“Mommy, I Don’t Feel Good”: Traveling with Sick Kids

Traveling with children can be a great way to spend time together and build lifelong memories. But even with careful planning, hand-washing and household germ control, children can pick up any number of ailments along the way. An arsenal of good information and a supply of over-the-counter and prescription remedies can help kids stay well while traveling.

Motion Sickness

Be prepared for motion sickness by talking to your child’s pediatrician. He or she will let you know whether a prescription motion sickness patch or oral medication, or over-the-counter medication is right for your child based on your travel plans. If your child has her first case of motion sickness while on vacation, try the following remedies to get her back on her feet:

  • Look at a far horizon. Play games that compel her to look outside and limit time spent reading or on hand-held games.
  • Avoid the rear seat in minivans and SUVs. If your child starts to get a headache or feels nauseas, have her move to a seat more forward in the vehicle. Due to airbag risk, do not put children in the front seat of a vehicle.
  • Open the windows in the car. Fresh air can help reduce nausea. Also avoid eating strong-smelling snacks while in the vehicle.
  • Settle the stomach. Salty crackers can help settle the stomach, as well as ginger ale or club soda. An empty stomach can actually make the symptoms of motion sickness worse.
  • Take action. Stopping the car to get out and walk as soon as your child looks pale or says she does not feel good can help you avoid a disaster later on.

Ear Pain

Babies and airplanes often do not mix well, so knowing how to ease ear pain ahead of time can help her have a better flying experience. Deal with colds or potential ear infections before you travel. See your pediatrician to rule out an ear infection and get medication if necessary, or consider postponing your trip until he can fly comfortably. If that is not possible, use these tips to deal with ear pain while flying:

  • Much like gum chewing or yawning relieves ear pressure in adults, sucking can do the same for babies and toddlers. The pressure changes in planes are usually at their worst at descent. During that time, offer your baby a bottle or pacifier, or begin nursing.
  • If the overall noise in the plane makes it difficult for your baby to relax, use small earplugs or pieces of cotton in his ears to block out the noise.

Swimmer’s ear is caused by bacteria in the water and can be another source of ear pain for children on vacation. Prevent swimmer’s ear by having your child wear earplugs every time she is in the pool or lake. When your child gets out of the water, have her tilt her head to either side to drain the excess moisture. Dry the outer ear with a clean cloth. Make a solution of one part vinegar to one part rubbing alcohol and take along on vacation. Use a few drops of the solution in each ear after swimming to help dry the ears. Never insert a cotton swab into the ear canal.


Diarrhea can be caused by the stress of traveling and changes in diet, as well as bacteria found in water and on unfamiliar surfaces. Proper hand washing, especially after diaper changes, can help prevent the spread of diarrhea within families. KidsTravelDoc.com recommends these steps for treating vacation diarrhea:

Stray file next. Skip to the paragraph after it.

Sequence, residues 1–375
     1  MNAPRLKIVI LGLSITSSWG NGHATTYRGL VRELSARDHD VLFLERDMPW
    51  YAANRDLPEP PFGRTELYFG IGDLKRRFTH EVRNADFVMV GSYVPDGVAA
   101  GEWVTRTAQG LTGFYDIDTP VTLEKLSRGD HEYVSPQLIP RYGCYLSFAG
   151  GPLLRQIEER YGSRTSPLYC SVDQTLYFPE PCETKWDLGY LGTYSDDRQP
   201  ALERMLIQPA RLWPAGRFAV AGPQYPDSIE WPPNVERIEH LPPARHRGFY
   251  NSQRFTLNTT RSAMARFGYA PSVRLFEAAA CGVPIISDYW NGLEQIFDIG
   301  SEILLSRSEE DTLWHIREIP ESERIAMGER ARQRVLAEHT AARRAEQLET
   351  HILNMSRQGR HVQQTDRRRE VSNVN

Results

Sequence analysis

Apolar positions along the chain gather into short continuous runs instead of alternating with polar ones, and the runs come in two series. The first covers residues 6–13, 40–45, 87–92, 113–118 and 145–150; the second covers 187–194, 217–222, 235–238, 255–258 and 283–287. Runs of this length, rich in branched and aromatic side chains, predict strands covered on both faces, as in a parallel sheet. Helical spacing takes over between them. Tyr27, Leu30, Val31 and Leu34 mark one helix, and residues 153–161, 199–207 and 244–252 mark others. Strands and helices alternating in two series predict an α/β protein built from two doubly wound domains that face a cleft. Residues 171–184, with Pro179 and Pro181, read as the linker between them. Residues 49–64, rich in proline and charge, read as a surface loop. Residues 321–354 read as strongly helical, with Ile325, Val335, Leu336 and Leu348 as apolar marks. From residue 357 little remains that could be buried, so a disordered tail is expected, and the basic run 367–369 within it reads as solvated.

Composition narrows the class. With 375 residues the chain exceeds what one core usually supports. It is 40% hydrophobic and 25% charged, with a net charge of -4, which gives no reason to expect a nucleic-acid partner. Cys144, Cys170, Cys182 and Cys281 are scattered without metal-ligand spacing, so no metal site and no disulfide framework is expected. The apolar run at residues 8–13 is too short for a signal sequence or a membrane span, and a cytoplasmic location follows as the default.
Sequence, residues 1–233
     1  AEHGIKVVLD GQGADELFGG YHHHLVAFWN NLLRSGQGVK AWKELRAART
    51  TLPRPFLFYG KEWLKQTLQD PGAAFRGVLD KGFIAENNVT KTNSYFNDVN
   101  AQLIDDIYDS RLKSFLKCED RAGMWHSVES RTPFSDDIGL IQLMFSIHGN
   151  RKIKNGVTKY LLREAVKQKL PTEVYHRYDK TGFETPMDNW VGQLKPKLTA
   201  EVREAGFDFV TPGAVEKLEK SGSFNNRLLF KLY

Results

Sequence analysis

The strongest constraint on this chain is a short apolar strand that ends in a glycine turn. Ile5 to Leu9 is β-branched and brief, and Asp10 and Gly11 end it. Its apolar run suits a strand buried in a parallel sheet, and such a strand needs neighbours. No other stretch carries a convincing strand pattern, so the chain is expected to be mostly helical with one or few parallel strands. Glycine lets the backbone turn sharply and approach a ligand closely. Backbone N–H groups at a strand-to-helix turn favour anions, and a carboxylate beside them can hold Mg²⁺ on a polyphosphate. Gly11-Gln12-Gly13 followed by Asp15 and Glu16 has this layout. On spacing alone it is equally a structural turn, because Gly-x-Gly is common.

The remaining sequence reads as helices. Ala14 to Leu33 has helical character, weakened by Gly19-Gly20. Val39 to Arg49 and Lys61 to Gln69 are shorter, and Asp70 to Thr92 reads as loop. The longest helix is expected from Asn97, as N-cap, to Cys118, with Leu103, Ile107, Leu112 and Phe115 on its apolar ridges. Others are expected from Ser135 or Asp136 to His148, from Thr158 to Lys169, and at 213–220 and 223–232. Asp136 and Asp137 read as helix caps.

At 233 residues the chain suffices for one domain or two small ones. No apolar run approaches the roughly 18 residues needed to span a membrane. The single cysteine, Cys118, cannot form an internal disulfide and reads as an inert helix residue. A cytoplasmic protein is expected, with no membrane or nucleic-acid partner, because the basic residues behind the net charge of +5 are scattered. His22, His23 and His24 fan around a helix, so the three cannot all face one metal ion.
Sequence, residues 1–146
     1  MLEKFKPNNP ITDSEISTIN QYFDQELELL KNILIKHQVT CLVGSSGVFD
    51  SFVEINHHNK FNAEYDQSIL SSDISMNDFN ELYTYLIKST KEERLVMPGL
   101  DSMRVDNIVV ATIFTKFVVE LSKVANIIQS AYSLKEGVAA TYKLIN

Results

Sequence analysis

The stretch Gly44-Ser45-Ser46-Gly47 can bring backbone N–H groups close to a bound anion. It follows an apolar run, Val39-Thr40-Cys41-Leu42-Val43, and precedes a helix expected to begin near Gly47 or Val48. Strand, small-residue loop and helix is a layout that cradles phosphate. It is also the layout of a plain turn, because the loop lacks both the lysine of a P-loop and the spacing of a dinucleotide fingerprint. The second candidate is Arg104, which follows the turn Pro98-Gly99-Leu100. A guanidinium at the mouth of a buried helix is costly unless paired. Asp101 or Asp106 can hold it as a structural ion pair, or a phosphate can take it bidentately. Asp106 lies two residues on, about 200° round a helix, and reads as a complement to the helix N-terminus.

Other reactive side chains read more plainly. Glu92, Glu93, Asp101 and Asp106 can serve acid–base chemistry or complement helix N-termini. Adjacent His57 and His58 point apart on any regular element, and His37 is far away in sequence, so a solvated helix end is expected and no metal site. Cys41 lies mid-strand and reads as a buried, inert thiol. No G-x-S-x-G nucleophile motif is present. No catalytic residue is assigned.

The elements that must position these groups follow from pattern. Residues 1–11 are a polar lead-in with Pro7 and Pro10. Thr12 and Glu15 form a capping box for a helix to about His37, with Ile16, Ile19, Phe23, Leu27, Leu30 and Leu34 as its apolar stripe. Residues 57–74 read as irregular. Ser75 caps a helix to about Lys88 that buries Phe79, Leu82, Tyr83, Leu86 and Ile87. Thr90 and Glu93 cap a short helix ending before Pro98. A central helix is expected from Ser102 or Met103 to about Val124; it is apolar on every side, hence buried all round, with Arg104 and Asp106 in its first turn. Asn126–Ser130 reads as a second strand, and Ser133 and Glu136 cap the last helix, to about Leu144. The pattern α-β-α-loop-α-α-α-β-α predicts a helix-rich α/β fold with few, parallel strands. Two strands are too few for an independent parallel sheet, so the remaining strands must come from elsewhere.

• Avoid clear or sugary liquids. Instead, treat diarrhea with an oral rehydrating solution (ORS), which you can by in powder form and add to drinking water. Or, make your own ORS by mixing one quart of safe drinking water with six teaspoons of sugar and one teaspoon of salt. Alternatively, have your child drink plain water and eat saltine crackers, pretzels or potato chips.
  • Continue regular feedings as these supply calories for energy and restore the intestines. Starchy substances are best.
  • Do not use over-counter-medications to treat diarrhea in children.


Sunburn can increase your child’s risk of developing skin cancer later in life. The Centers for Disease Control recommends the following to prevent sunburn:

  • Seek shade. UV rays are strongest between the hours of 10 a.m. and 2 p.m., so avoid the sun during this time or spend time under an umbrella or other shade source.
  • Wear a hat to shade the face, neck, scalp and ears from sunburn.
  • Cover up. Adding a light layer of clothing over a swimsuit prevents UV exposure and helps keep kids cool. And don’t forget sunglasses to protect the eyes.
  • Apply sunscreen. Use sunscreen with an SPF of 15 or higher and apply 30 minutes prior to going outside and at regular intervals to keep kids protected.

If your child gets sunburn during vacation, try these things for relief:

  • A bath in tepid water to cool the skin
  • Aloe Vera gel
  • Acetaminophen if your child’s temperature is above 101 F

Sunburn can cause dehydration, so make sure your child drinks plenty of water or juice to replace bodily fluids. The Skin Cancer Foundation considers sunburn in babies under one year of age an emergency and recommends seeking treatment at the nearest emergency room.

Making vacation memories is an important part of childhood. Finding ways to treat illness while traveling can help keep those memories happy ones.

Mario Cattabiani is the Director of Communications at Ross Feller Casey, LLP, a personal injury and medical malpractice law firm based in Philadelphia.

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